Defendant argues Cook, Sr.’s statements lack trustworthiness because they were made to officers as part of their investigation of potential charges that could be brought against defendant. Defendant fails to demonstrate, however, that the trial court abused its discretion in reaching a contrary conclusion. The court found Cook, Sr. “was clearly still under the immediate aftereffects which gives reason to believe that his comments had that additional air of trustworthiness.” It found Cook, Sr. was not contemplating litigation when he made the statements, there was “no evidence to suggest any bias or motive for fabricating the statements,” and his statements generally were corroborated by the extent of his injuries and the blood found on defendant’s hands and clothing.[6] The court’s reasoning is supported by the record, and we see no abuse of discretion.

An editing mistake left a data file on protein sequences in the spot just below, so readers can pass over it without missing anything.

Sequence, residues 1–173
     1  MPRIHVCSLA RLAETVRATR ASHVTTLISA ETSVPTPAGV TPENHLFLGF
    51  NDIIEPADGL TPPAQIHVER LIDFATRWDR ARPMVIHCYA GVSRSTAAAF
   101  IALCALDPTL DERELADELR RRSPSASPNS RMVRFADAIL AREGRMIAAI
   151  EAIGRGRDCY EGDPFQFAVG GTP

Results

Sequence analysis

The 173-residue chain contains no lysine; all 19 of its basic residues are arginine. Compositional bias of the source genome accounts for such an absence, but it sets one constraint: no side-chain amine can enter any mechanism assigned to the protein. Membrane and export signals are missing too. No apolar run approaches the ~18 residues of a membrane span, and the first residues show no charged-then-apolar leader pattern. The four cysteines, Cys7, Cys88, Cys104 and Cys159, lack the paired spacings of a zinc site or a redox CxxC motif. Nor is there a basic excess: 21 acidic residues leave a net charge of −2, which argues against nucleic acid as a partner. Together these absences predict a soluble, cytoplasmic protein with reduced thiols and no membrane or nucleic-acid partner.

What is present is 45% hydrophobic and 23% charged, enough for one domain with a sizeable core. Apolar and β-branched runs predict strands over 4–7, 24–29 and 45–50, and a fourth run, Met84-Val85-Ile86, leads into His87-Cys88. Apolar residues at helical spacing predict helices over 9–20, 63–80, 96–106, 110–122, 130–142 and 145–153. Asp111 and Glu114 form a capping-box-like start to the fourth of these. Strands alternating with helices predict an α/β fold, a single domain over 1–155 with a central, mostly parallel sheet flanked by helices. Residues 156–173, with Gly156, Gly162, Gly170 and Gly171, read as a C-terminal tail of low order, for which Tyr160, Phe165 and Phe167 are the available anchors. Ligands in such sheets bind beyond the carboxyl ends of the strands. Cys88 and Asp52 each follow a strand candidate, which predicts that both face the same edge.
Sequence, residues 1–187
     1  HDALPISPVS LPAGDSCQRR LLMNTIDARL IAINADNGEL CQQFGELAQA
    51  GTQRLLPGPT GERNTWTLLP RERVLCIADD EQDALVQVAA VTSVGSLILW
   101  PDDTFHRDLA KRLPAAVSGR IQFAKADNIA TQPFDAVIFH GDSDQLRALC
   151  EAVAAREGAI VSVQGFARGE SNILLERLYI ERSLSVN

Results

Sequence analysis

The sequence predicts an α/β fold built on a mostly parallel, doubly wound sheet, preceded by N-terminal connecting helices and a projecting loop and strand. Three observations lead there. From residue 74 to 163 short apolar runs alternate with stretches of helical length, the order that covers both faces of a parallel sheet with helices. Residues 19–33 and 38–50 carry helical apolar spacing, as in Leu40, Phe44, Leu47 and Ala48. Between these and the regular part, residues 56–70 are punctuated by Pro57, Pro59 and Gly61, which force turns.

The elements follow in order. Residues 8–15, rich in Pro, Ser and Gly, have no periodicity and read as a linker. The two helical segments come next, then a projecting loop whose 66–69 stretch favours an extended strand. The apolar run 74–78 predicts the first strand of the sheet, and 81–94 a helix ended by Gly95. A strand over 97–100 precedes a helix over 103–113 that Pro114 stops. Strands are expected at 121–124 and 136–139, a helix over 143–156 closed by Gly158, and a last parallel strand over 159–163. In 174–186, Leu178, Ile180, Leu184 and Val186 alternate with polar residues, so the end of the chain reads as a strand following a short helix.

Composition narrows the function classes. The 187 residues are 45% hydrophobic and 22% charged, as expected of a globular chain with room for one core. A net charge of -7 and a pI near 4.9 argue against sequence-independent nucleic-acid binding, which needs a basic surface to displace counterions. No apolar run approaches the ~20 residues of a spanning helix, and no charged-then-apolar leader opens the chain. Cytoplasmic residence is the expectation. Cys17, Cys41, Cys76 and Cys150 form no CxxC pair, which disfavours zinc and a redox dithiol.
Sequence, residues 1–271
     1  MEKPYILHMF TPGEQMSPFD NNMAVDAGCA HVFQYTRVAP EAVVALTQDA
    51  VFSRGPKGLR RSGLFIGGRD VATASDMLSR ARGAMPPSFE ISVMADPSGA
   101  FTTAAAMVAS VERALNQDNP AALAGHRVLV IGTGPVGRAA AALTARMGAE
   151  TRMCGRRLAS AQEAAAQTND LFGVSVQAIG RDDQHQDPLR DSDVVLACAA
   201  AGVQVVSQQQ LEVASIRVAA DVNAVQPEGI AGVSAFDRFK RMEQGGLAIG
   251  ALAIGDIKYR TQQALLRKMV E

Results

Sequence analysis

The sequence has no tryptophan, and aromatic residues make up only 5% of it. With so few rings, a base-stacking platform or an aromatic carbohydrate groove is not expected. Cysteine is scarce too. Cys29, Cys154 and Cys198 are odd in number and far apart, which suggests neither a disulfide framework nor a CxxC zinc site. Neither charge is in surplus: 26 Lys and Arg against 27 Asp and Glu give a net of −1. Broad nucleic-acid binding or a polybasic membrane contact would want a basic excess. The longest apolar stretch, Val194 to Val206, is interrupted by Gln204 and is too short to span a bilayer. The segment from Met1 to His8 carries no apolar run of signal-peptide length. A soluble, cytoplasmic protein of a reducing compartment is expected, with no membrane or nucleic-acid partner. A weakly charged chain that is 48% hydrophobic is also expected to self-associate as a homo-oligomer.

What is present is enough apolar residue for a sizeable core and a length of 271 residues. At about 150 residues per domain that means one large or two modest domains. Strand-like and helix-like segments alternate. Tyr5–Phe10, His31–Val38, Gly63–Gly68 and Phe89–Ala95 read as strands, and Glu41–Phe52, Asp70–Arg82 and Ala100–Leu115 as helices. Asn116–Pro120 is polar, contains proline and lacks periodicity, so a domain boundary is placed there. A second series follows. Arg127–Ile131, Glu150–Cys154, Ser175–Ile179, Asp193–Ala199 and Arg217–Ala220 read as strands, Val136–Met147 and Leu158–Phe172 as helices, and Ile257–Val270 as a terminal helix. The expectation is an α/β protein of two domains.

c. The Victim’s Statements Were Not Testimonial Under the

Sixth Amendment

Next, defendant contends admission of Cook, Sr.’s statements violated the Sixth Amendment because the statements were testimonial.

The Sixth Amendment “prohibits the introduction of testimonial statements by a nontestifying witness, unless the witness is ‘unavailable to testify, and the defendant had had a prior opportunity for cross-examination.’ ” (Ohio v. Clark (2015) 576 U.S. 237, 243, italics added.) “ ‘Statements are nontestimonial when made in the course of police interrogation under circumstances objectively indicating that the primary purpose of the interrogation is to enable police assistance to meet an ongoing emergency. They are testimonial when the circumstances objectively indicate that there is no such ongoing emergency, and that the primary purpose of the interrogation is to establish or prove past events potentially relevant to later criminal prosecution.’ ” (Id. at p. 244.)

We independently review whether a statement is testimonial. (People v. Ramirez Ruiz (2020) 56 Cal.App.5th 809, 825 (Ramirez Ruiz)